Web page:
The contrast comes in verses 20, where Jesus informs us that our faith must surpass the surface level faith of the religious leaders of his day. They know the Law and prophets and they work hard at checking the boxes they’ve constructed. They just don’t allow the Law and prophets to affect how they live their lives. This is a call to let our light and love show in real and tangible ways, to let our faith impact and change lives, beginning with our own. May this be the faith that we live and breathe.
Prayer: Lord God, lead me today to live a faith that shows, that reveals you, that draws others into your presence. Amen.
Verse 17: Let your hand rest on the man at your right hand, the son of man you have raised up for yourself.”
The second part of Psalm 80 speaks of one who will bring hope to Israel. This is a deep longing in the nation. The Israelites are familiar with God raising up leaders – Abraham, Moses, Joshua, David, Solomon, Gideon, Samson, Deborah, Esther, Isaiah, Jeremiah… There is a long list of men and women called by God, guided by the Spirit, and empowered by God to lead. And when you look at the long list of people called and used by God, there is great diversity.
As we read these words of the Psalm, we do so as many have for almost 2,000 years. We read these words through the lens of Christ. We do so because Jesus claimed and fulfilled these words and many others written in the Old Testament. Jesus came from and returned to the right hand of God – to the judgment seat. Christ was the incarnation of God, raised up by God through the Holy Spirit from a virgin and from the line of David.
In the giving of self, of blood, of life, Jesus restored our relationship with God and provided a means for this to happen again and again. In Christ, God’s face did shine upon humanity, revealing the depth of God’s love, mercy, and grace. Through Jesus Christ, we are saved. Thanks be to God!
Prayer: Lord God, thank you for the reminder today of how you fulfilled these words and promises for the salvation of the world and for my salvation. Jesus Christ is the hope of the world and the hope of all who love you. Amen.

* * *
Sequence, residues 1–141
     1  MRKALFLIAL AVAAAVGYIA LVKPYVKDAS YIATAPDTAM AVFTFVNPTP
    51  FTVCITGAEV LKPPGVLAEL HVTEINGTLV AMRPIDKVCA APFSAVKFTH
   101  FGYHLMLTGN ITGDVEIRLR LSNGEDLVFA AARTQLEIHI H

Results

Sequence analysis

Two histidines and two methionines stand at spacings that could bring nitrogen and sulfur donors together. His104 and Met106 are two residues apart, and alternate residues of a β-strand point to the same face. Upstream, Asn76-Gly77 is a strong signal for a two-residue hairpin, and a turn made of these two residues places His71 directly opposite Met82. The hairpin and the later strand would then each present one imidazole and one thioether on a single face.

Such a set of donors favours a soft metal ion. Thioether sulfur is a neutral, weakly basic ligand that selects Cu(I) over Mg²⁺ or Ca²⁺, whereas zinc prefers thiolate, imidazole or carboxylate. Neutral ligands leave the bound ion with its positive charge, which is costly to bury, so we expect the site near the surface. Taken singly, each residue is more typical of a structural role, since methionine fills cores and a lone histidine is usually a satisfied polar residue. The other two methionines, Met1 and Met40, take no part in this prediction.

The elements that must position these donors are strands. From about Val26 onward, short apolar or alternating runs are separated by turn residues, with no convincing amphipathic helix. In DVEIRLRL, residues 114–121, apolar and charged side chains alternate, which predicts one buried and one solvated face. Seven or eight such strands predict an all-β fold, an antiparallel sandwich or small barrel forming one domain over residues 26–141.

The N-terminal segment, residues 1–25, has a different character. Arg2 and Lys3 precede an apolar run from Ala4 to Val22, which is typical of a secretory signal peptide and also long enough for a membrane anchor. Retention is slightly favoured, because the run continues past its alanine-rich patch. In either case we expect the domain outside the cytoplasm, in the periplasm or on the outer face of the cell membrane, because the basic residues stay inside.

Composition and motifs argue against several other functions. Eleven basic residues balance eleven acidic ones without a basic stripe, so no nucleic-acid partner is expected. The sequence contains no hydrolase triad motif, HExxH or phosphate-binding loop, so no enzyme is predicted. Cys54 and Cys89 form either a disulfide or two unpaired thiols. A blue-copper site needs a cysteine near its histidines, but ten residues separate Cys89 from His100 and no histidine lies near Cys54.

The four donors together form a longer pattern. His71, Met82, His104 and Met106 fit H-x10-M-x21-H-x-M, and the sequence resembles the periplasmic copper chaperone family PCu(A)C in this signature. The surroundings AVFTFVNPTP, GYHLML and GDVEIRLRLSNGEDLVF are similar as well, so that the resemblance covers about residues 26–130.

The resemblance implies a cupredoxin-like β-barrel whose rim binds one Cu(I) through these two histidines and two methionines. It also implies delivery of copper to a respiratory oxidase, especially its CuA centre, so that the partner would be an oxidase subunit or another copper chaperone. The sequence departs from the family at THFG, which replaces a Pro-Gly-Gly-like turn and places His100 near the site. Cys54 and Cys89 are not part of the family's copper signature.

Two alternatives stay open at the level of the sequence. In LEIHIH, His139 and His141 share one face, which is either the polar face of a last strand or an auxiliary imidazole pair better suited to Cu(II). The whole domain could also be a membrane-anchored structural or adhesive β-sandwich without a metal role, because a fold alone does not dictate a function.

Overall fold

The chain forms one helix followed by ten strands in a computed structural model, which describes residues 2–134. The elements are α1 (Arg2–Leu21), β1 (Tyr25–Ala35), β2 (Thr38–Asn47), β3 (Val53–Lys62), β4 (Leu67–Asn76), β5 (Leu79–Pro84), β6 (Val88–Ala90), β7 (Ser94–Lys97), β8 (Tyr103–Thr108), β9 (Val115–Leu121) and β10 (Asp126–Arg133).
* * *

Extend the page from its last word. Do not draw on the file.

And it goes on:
Verse 3: “He went into all the country around the Jordan, preaching a baptism of repentance for the forgiveness of sins.”
Today and tomorrow we focus on John the Baptist beginning to live into his call. It is something that he has probably heard about all of his life. At family gatherings, at birthdays, at Passover and other religious holidays that reflect on God’s saving power, in private moments with Zechariah and Elizabeth… John has heard and heard of the angel visits and of the words spoken over his life. John has heard again and again the story of how he leapt in the womb when he heard Mary’s voice. In about 29 AD John answers the call. We read, “He went into all the country around the Jordan, preaching a baptism of repentance for the forgiveness of sins.”
Luke lists the men in positions of power, both politically and religiously, in our passage today. The word of God does not go to them. It comes to John and he begins his ministry. John does not enter the halls or places of power but goes out into the area around the Jordan River. He preaches about living a holier life and the repentance necessary to live such a life. He preaches about the coming kingdom and what people must do to be a part of that kingdom. He preaches about being made right with God. What John the Baptist preaches isn’t easy to hear. But it is truth. And it is filled with hope and promise. Ears and hearts are eager to receive the words that John is sharing. It is good news.
Although the angels did not predict our births or speak to our parents about how we will fulfill our calls, we too have the same call as John the Baptist had. Jesus charged all disciples with the task of going to all people to proclaim the good news of Jesus Christ (Matthew 28: 19-20.) He did not say, ‘Go, hang out in the church and talk about me’. He said to go out into all the world. Like John hearing about his call, we too have heard over and over about the charge to go out to share the good news. For John, the call was to the region around the Jordan. For me, it is to the Piedmont Valley. Where is your place? To whom is God calling you?
Prayer: Lord, may I be faithful in sharing the good news in the places and with the people that you send me to. Amen.
Verses 13-14: “I will establish the throne of his kingdom forever. I will be his father, and he will be my son”.
Yesterday we looked at David’s desire to build God a house as an expression of his gratitude to God. The prophet Nathan readily agreed initially. But in a vision that night God reveals much bigger plans. This is often the way of God. Even in our small lives God will do amazing things if we are but willing servants.
I’m sure that what David would build for God would be grand and most impressive. But all earthly things will fade or crumble or cease to exist. A building is David’s plan for God, the eternal one. After reminding David that he and Israel are where they are at because of God alone, God extends these blessings, saying, “I will establish the throne of his kingdom forever. I will be his father, and he will be my son”. The line of David will be forever blessed. His son Solomon will build a magnificent temple, yes. But the kingdom will last forever. That is a promise fulfilled in Jesus Christ, God’s Son born of the line of David.